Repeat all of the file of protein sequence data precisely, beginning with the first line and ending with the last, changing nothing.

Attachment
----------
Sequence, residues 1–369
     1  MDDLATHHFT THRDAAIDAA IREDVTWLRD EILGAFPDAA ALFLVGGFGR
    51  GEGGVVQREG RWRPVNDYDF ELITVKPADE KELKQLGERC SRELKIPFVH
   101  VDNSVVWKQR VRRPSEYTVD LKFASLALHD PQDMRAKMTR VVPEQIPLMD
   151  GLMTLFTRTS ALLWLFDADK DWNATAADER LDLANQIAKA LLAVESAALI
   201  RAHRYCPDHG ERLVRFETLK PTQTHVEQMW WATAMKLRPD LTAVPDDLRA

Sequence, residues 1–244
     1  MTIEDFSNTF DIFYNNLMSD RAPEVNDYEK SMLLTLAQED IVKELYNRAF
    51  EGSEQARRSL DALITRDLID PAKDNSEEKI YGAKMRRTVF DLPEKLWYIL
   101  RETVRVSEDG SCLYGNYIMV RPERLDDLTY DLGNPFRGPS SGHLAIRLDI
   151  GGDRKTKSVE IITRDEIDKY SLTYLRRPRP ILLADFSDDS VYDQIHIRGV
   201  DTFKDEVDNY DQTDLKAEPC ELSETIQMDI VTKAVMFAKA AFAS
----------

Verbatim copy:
Sequence, residues 1–369
     1  MDDLATHHFT THRDAAIDAA IREDVTWLRD EILGAFPDAA ALFLVGGFGR
    51  GEGGVVQREG RWRPVNDYDF ELITVKPADE KELKQLGERC SRELKIPFVH
   101  VDNSVVWKQR VRRPSEYTVD LKFASLALHD PQDMRAKMTR VVPEQIPLMD
   151  GLMTLFTRTS ALLWLFDADK DWNATAADER LDLANQIAKA LLAVESAALI
   201  RAHRYCPDHG ERLVRFETLK PTQTHVEQMW WATAMKLRPD LTAVPDDLRA

Sequence, residues 1–244
     1  MTIEDFSNTF DIFYNNLMSD RAPEVNDYEK SMLLTLAQED IVKELYNRAF
    51  EGSEQARRSL DALITRDLID PAKDNSEEKI YGAKMRRTVF DLPEKLWYIL
   101  RETVRVSEDG SCLYGNYIMV RPERLDDLTY DLGNPFRGPS SGHLAIRLDI
   151  GGDRKTKSVE IITRDEIDKY SLTYLRRPRP ILLADFSDDS VYDQIHIRGV
   201  DTFKDEVDNY DQTDLKAEPC ELSETIQMDI VTKAVMFAKA AFAS